About 30% of people in the study group had a genetic signature that, in theory, should have pointed to success on the low-fat diet, while 40% had a low-carb "profile".
The lead author of the study, Professor Christopher Gardner, said that the findings proved that between the two diets, the fundamental strategies for losing weight remain the same. "It's because we're all very different, and we're just starting to understand the reasons for this diversity".
"We made sure to tell everybody, regardless of which diet they were on, to go to the farmer's market, and don't buy processed convenience food". About half were men and half were women.
U.S. academics were attempting to end the long-running controversy over the merits of low-fat versus low-carbohydrate diets.
"We've all heard stories of a friend who went on one diet - it worked great - and then another friend tried the same diet, and it didn't work at all", Gardner said in a statement.
During the first two months, dieters in each group were told to limit carbohydrates or fats to 20 grams daily, about the amount that's in 1 1/2 slices of whole wheat bread and a handful of nuts respectively.
After the second month, they were instructed to make incremental adjustments as needed, adding back 5-15 grams of fat or carbs gradually and aiming to reach a balance they believed could be maintained for the rest of their lives.
By the end of the study, individuals in both groups lost weight, on average about 13 pounds (almost 6kg). Similarly, a few women whose DNA did not "match" went through a divorce or other upheaval, ate for emotional comfort, gained weight, and made the mismatched group look bad - a reminder that so many emotional, economic, metabolic, social, and other forces affect someone's chance of losing weight that the effect of genes gets lost in the noise.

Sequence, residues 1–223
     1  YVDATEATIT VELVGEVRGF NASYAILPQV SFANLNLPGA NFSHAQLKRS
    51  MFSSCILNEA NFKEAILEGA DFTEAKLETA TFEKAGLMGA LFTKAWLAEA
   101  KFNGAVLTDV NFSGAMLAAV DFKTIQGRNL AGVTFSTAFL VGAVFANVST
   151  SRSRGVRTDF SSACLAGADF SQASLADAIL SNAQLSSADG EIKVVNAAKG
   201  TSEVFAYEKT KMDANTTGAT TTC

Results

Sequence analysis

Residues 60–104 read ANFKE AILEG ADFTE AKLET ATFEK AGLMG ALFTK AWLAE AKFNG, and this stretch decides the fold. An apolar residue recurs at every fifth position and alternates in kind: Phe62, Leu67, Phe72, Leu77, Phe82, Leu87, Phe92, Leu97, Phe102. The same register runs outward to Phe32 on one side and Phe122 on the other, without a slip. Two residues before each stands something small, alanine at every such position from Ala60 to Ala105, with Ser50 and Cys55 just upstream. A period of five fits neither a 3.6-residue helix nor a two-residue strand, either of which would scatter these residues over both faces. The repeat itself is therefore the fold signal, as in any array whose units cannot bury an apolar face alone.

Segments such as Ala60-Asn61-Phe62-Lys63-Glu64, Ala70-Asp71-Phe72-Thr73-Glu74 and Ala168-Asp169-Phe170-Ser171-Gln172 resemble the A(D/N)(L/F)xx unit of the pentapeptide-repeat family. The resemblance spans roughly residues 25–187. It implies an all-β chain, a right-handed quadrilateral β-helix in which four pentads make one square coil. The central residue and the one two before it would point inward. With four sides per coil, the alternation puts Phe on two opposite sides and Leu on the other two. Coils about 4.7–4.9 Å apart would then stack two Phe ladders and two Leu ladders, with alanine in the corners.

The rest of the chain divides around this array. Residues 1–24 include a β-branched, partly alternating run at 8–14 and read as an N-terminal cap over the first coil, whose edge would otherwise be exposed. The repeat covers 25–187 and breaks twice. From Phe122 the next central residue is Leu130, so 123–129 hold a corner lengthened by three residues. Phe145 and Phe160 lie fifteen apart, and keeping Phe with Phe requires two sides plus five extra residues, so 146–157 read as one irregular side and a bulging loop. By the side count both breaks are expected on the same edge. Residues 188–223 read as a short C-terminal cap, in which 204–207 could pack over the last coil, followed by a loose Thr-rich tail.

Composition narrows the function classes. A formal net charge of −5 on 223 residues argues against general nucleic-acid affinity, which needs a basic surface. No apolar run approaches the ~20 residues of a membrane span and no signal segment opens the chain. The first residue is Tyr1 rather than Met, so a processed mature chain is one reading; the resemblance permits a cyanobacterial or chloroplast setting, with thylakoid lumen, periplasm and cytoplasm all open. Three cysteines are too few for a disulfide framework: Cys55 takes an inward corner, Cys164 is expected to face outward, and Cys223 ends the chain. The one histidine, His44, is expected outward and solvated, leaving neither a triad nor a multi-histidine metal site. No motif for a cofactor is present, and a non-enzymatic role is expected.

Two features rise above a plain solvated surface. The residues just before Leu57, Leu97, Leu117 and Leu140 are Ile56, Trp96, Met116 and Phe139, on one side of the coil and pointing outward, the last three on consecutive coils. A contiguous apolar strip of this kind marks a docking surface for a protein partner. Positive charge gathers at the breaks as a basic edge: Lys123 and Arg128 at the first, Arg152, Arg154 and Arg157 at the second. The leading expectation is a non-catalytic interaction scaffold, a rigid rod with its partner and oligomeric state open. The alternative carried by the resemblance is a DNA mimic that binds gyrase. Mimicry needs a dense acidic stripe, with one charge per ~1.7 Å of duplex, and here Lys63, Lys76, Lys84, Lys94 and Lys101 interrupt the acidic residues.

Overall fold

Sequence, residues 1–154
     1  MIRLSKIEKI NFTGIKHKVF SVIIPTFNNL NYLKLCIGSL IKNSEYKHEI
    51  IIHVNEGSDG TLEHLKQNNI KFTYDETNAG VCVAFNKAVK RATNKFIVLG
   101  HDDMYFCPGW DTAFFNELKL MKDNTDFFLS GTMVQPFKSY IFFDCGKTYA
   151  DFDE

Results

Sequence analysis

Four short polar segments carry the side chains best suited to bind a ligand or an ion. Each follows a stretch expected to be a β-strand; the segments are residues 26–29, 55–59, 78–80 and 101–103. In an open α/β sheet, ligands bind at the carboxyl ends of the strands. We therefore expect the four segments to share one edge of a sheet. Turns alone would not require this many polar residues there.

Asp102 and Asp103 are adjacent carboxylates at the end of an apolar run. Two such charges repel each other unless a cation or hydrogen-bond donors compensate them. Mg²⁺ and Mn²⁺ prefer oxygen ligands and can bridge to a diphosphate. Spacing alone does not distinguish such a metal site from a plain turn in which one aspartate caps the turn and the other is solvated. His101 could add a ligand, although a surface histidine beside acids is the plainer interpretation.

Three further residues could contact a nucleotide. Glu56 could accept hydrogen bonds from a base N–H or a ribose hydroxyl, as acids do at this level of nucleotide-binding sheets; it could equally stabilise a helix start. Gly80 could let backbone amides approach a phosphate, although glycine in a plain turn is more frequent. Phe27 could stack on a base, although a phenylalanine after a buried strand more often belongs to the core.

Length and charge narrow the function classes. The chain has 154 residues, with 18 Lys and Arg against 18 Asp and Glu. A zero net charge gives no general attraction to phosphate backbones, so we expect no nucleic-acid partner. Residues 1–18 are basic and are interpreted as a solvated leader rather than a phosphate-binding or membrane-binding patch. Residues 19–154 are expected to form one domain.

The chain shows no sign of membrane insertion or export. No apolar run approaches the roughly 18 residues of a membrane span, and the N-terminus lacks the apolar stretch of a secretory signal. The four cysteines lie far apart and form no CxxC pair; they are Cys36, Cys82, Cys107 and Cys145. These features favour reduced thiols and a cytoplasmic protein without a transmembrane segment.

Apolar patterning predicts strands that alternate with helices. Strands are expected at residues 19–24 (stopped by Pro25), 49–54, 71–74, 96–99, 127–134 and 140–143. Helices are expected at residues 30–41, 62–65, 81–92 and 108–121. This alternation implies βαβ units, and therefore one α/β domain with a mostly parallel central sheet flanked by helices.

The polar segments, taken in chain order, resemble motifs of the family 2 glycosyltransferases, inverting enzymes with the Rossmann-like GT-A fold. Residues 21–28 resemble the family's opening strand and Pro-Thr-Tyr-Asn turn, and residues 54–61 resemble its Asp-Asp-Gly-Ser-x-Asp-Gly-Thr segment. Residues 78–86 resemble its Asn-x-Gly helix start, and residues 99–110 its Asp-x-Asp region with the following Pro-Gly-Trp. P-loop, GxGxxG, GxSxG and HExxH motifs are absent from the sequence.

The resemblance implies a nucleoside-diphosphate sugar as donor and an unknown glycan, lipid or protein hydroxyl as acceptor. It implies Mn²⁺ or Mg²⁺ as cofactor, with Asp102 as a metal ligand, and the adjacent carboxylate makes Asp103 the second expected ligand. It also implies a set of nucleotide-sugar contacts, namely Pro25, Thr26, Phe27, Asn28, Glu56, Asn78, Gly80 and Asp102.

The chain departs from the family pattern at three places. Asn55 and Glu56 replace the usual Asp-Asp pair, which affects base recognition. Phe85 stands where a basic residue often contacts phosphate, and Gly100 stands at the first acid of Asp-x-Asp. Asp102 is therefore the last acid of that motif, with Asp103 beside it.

Even though the previous study used the same genotype patterns that were tested in the new study, researchers were not able to confirm the results in the larger study, Gardner said.
Further, vast weight loss variability was observed among the participants of both the groups. Researchers then randomly assigned them to either a low-fat or low-carb diet. For example, a fizzy drink may be low-fat, but it's certainly not healthy. He said some people are more satiated on whole grains and some people are more satiated with healthy fats.
At the end of the 12 months, those on low-fat diets reported a daily average fat intake of 57 grams.
After a year the results came in, and they may prove frustrating for those seeking an objective victor.
"It would have been sweet to say we have a simple clinical test that will point out whether you're insulin resistant or not and whether you should eat more or less carbs", he added.
Dr Gardener's study also found that a person's genetics or insulin metabolism is not necessarily a discriminating factor when it comes to a diet's effectiveness, despite the advent and popularity of DNA diets in the weight loss industry now.
Dr. Walter Willett, chairman of the nutrition department at the Harvard T.H. Chan School of Public Health, said the study did not support a "precision medicine" approach to nutrition, but that future studies would be likely to look at many other genetic factors that could be significant. I feel we owe it to people to be smarter than to just say "eat less".